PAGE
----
The caveat? Utah likely would have to stay in the NBA luxury-tax paying stratosphere — something they're trying to remove themselves from, as evidenced by Tuesday's trade — to keep Boozer, who is making $12.67 million in the final year of a six-season, $68 million deal.
"It could be (possible), if they wanted to spend it," Boozer said. "I think all the competitive teams that win championships are obviously all over the cap, and that's the reason why they win championships — because they have stud players.
"So, if they were willing to pay it, yeah.
"If they're not willing to pay it, then no. ... But, it's not my money to spend. It's theirs. It's not my team. It's theirs. You know, I play for the team. So, that's a decision they have to make."
Jazz coach Jerry Sloan, for his part, has no issues with the way Boozer's handled himself in what potentially could be a quite-awkward season.
"Karl (Malone) was in some of those situations whenever he was here, and you just go play basketball," Sloan said. "Keep your value as high as you can by playing well."
Miami, meanwhile, isn't the only place Boozer would like to continue his career.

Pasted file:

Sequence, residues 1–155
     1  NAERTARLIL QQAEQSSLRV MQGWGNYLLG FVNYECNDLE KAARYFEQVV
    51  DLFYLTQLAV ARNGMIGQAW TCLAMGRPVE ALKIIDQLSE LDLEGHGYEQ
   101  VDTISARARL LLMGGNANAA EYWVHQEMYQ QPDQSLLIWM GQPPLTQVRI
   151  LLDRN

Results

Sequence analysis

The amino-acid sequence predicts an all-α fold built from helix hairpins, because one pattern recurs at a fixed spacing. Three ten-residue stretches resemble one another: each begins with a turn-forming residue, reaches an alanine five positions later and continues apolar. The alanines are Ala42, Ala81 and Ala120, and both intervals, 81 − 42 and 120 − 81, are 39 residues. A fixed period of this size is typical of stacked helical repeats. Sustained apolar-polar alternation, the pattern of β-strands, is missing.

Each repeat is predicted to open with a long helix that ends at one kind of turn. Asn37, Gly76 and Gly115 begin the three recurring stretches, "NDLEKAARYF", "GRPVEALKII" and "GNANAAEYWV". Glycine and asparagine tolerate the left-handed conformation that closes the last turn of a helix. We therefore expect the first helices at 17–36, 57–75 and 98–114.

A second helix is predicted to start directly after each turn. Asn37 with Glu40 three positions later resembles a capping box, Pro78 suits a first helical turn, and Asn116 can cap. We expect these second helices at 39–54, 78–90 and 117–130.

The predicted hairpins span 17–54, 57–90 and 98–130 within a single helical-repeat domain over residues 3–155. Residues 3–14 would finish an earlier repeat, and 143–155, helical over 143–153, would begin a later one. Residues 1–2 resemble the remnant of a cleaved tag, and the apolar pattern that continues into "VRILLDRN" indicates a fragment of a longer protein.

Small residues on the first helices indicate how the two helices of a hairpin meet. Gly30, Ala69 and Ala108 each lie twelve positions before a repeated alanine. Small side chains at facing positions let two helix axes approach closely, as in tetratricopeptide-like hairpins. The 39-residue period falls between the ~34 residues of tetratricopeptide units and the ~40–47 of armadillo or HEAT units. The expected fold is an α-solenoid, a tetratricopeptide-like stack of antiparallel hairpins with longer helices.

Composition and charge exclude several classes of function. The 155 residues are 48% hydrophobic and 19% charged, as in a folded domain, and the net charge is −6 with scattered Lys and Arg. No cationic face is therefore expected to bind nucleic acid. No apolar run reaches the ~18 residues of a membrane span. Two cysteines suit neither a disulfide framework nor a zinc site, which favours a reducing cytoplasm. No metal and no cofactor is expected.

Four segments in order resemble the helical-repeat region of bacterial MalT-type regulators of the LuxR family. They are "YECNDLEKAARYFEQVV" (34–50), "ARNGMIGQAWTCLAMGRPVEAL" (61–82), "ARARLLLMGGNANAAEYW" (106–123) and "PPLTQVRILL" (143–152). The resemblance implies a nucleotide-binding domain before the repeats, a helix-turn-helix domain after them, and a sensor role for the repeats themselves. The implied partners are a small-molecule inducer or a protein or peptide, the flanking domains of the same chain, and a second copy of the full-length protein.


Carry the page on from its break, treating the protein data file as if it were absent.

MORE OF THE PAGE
On Monday in Orlando, he told a Web site how "great" it would be to play with Magic center Dwight Howard, asking AOLFanhouse.com, "Who wouldn't want to play with Superman?" Boozer said he considers Howard a "brother," and spent Sunday — a Jazz off-day — hanging at Howard's house.
Orlando, though, is capped out — and likely would have to pull off a sign-and-trade to acquire Boozer or someone in his pay grade.
Any and all Boozer suitors, in fact, will have to keep payroll in mind.
Asked Tuesday if he'll be seeking max money — several million more per season than he's making now — Boozer didn't entirely refute the notion.
"I don't know," he said. "I let (agent) Rob (Pelinka) take care of all that. I just go out there and do what I do every night on the court, give it everything I have, and Rob will tell me what it is."
For now, Boozer is content to soak up a few days' worth of Miami sun — and chase a few more victories with the Jazz.
His return to Utah, after all, hasn't been nearly as problematic as some suspected it could have been.
"I think once you start playing, you start winning, I think everything from there will take care of itself," he said. "I think until then, it's just everybody has this thought in their mind, or perceived thoughts.
"And then when you see us out there working hard and playing and going at it, they succumb to you a little bit, they root for you again.
"So, feel like I'm having fun." he added. "And hopefully everybody can see that."
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